The FSA’s new mortgage lending rules will not help to improve the UK’s housing market

Philip Booth writes for City AM

Until recently there was no specific financial regulation applying to mortgages. Since taking over regulatory responsibility, the FSA has done what it does best: it has produced reviews running to hundreds of pages; written voluminous rules; and then written further rules providing for exceptions to those rules. A mortgage is a contract between a bank and borrower. Both have an incentive to ensure that the debt is repaid. At times, over-exuberance and bad behaviour may be problems, but they cannot be solved with bureaucratic regulation. Britain’s unregulated mortgage market worked well. Costs were low and defaults – even in the early 1990s – have been limited. Mortgage regulation is likely to lead to more expense and irrelevant paperwork for customers. Ironically customers may end up taking out expensive, unsecured loans instead of mortgages, which would be a disaster.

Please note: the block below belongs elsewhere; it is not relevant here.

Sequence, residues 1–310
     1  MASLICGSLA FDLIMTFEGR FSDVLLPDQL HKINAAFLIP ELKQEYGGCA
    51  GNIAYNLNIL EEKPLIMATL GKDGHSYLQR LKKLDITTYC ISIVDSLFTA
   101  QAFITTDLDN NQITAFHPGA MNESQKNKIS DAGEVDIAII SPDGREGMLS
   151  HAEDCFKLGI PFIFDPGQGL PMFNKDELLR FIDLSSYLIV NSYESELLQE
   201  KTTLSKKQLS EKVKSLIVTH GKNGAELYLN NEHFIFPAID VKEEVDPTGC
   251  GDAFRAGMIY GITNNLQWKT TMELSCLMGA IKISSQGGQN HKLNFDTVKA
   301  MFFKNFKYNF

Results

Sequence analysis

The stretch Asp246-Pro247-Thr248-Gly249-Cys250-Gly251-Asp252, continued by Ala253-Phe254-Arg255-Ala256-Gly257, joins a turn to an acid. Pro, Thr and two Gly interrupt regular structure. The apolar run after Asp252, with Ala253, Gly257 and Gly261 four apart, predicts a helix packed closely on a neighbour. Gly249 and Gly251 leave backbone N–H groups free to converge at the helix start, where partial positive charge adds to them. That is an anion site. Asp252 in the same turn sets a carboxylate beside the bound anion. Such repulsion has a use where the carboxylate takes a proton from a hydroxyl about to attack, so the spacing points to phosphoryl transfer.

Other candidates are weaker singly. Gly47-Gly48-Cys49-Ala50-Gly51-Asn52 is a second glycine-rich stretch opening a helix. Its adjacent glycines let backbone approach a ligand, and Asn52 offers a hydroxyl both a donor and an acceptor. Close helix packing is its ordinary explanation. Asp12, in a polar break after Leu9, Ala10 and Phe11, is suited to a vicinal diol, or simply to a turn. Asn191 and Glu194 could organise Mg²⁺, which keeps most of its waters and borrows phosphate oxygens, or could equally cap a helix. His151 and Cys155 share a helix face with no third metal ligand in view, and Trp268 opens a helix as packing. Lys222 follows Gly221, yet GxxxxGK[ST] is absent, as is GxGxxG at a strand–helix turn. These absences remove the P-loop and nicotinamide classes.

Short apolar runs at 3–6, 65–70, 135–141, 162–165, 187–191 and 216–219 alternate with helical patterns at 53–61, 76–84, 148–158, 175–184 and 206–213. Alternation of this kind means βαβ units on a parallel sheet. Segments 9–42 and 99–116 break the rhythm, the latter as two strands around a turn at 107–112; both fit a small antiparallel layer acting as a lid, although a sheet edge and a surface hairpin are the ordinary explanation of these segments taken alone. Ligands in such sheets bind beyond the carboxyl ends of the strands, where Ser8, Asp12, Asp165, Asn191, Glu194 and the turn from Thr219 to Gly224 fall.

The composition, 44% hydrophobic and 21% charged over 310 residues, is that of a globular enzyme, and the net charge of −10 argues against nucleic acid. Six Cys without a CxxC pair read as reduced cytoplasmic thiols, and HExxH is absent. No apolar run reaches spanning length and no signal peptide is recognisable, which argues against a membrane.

This article appeared as part of a debate in City AM.

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